I’m not the IT minister, says Conroy


Communications Minister Stephen Conroy today told press at the launch of a new Macquarie Telecom call centre that he didn’t consider information technology to be part of his portfolio — claiming that role belonged to Industry Minister Kim Carr.

Various sections of Australia’s technology sector have speculated over the past few weeks that new Prime Minister Julia Gillard could split Conroy’s portfolio up — giving the IT part to Labor Senator Kate Lundy, who has demonstrated an enduring interest in the sector, and leaving Conroy with the NBN ball and regulation of the telco sector.

“Well, IT is not formally part of my portfolio — I’m broadband communications and the digital economy and Kim Carr looks after IT, so it is actually already split,” Conroy said, referring to the Minister for Innovation, Industry, Science and Research.

Conroy’s statement mimics a situation experienced directly after the 2007 Federal Election, when it was unclear whether Australia’s peak IT research group, National ICT Australia, was the responsibility of Carr or Conroy. At the time, Opposition Senator Eric Abetz said the Government was “in a bit of a muddle” with the group — leaving NICTA hanging somewhere between the two ministers.

Conroy also addressed the issue of the Federal Government’s controversial internet filtering policy. In a radio interview this morning, Prime Minister Julia Gillard made her first comments in regards to the Internet filter since winning the Labor leadership several weeks ago. “Stephen Conroy is working to get this in the right shape,” she told ABC Local Radio in Darwin.

When asked what this meant this afternoon, Conroy laughed, responding: “The same as what I have been saying for the last few months, which is we have been consulting on the accountability and transparency measures. We put out our discussion paper and we got a lot of feedback.”

“We’re currently working our way through those issues and we’ve been discussing this at considerable length so that’s what she’s referring to the same as what I’ve been saying for a month or two now.”

When a journalist asked Conroy if the move by Defence Minister John Faulkner to the backbench would open opportunities for Conroy, he said that he would prefer to stay on in his current role as Minister for Broadband, Communications and Digital Economy.

“The Prime Minister, obviously, of the day decides portfolio allocations,” said Conroy. “If she was to ask me my opinion I would say I would like to stay on this portfolio to finish the work on the National Broadband Network. I’ve worked on it since we’ve first created the policy on 2005 and I would like to work my way through.”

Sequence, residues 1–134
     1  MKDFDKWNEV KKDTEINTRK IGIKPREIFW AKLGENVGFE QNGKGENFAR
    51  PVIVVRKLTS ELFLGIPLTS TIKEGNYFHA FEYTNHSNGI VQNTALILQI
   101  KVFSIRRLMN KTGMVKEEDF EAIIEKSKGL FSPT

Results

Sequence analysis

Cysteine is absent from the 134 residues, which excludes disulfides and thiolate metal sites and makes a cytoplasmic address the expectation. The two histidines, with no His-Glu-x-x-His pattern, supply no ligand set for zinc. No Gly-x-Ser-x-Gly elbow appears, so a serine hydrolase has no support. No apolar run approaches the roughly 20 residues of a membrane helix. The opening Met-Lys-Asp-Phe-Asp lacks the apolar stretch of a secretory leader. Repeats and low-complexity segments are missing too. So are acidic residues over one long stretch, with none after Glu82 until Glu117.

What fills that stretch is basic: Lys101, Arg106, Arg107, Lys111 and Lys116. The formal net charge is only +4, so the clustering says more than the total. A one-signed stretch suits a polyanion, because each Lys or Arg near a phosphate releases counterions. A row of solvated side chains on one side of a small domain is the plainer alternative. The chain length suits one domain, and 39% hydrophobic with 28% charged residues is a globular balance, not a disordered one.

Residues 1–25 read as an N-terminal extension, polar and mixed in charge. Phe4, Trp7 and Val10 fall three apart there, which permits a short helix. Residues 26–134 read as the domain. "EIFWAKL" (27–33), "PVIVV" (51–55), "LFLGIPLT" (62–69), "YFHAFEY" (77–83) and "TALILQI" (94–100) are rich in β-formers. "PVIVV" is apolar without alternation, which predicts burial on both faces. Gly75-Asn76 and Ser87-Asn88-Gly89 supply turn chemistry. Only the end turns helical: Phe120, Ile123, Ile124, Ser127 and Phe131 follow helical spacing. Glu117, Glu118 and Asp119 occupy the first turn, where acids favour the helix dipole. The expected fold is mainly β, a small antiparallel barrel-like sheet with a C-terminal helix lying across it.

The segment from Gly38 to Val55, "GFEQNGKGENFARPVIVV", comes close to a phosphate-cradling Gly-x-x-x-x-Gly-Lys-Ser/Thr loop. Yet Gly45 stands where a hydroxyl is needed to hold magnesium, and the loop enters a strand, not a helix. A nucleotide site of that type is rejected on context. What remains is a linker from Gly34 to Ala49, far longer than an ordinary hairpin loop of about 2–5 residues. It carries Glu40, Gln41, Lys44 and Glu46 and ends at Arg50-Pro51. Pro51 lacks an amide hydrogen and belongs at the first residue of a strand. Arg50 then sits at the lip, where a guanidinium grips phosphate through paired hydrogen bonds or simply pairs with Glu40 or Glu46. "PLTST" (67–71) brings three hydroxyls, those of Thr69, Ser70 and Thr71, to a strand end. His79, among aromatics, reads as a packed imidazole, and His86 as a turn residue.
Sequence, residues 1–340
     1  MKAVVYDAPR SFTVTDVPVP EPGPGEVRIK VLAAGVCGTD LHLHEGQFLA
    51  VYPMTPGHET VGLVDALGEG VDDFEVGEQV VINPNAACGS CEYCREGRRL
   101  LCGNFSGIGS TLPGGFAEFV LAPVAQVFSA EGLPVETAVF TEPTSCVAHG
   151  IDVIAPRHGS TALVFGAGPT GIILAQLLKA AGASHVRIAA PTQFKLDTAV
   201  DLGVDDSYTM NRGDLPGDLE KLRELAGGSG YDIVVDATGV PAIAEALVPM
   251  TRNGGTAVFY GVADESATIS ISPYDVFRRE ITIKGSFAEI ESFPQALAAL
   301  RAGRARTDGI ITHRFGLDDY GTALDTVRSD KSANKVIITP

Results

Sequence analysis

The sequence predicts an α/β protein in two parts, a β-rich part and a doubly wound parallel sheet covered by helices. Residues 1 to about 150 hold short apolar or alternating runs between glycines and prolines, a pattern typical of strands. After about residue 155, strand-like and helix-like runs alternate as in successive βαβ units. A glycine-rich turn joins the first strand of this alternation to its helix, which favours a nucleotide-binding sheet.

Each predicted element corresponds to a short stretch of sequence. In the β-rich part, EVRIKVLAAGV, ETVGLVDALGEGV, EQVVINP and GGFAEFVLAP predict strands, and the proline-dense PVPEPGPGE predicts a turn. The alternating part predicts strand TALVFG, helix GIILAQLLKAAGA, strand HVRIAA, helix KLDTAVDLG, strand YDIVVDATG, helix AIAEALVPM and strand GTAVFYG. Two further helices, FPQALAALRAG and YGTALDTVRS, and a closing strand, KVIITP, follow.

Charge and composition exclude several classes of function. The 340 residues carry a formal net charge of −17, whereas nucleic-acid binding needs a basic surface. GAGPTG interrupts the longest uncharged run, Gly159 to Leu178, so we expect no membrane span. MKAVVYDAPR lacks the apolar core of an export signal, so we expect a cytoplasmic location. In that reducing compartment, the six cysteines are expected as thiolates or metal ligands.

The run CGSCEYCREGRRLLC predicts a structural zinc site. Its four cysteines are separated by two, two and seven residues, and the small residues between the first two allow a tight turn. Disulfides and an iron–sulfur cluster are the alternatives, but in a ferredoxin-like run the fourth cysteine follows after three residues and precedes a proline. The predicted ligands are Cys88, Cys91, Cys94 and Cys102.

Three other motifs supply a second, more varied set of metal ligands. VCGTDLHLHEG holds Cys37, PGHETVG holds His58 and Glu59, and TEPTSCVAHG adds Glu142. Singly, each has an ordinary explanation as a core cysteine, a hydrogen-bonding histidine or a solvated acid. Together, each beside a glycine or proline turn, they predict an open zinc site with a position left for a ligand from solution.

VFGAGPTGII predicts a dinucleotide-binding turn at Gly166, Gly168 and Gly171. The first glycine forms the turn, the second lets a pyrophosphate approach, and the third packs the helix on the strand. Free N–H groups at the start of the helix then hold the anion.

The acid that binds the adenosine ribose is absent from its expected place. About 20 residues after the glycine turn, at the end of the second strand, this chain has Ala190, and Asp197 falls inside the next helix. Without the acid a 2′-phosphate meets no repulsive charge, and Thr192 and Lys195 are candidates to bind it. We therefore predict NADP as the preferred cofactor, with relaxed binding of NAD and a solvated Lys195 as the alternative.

“But ultimately I would take any offer that the Prime Minister makes after the election but but I’m very comfortable in this portfolio and there is a lot of work still to be done.”

Look out for the full video of Conroy’s press conference later tonight.


  1. Is this how he manages to avoid admitting he’s the laughing stock of the industry he’s a minister of?

    • I think a lot of people in the telco industry are happy with Conroy — because of the way he’s curtailing Telstra’s power and its nature as a vertically integrated telco. But I do think much of the IT industry proper has a vastly different opinion. And of course the internet industry is really negative on Conroy because of the filter.

      • He’s certainly the minister responsible for impacting the IT sector moreso than Carr. As such, I believe my comment is a fair and accurate representation. Even Telcos I know have a little giggle behind closed doors when his non-telco policies are discussed.

  2. Yeah I tend to agree with Conroy. He’s most certainly NOT an IT minister. Of any kind.

    He should also be splitting the broadband and communications aspects out of his role since they’re certainly IT related.

    What does that leave? Digital Economy? What does that even mean?

    This government – irrespective of the ruling party – is ridiculous.

    • I think there is a fair point here — what does “Digital Economy” really mean? If you can answer this question, you can get to the heart of what Conroy really is responsible for. No matter which way it’s cut, though, I really don’t think Kim Carr is responsible for IT. “Innovation” does not mean “IT”. It really means … nothing. Or if anything, it means R&D — which I don’t really see as IT — I see that as science.

    • It just sounds like Conroy is trying to shirk IT responsibilities.
      Digital Economy is IT related in my books.
      What is the definition of IT in the Government’s eyes? I’m sure each minister has their own definition of IT.
      If no one wants to take responsibility for IT maybe an CTO should be appointed and screw the lot of of them.

      • The real answer is that “Digital Economy” is a spin term. It means nothing whatsoever and is added to the title purely for the purpose of sounding grandiose.

        The whole department has been problematic since I can’t remember when. Irrespective of what name it’s had!

  3. Meh, it is easier to use hip terms like “Digital Economy” which means nothing compared to “Information Technology”.

    Digital Economy can also mean sexy (to the pollies) Cable TV and Satellites. Notice that Conroy was at the browning of Analog TV in North Victoria? Sexy. ISP? Not Sexy. No votes!

  4. if he is not doing IT why is he implementing IT policies that directly impact the nations IT systems? Look at the two responsibilities side by side:
    Minister for Innovation, Industry, Science and Research – Kim Carr
    Broadband, Communications and the Digital Economy – Mr Not IT

    which would you say SHOULD be the IT guy? Now if IT is still classed as Research or Innovation wtf is wrong with this backwater country, if its not how is it not his role?

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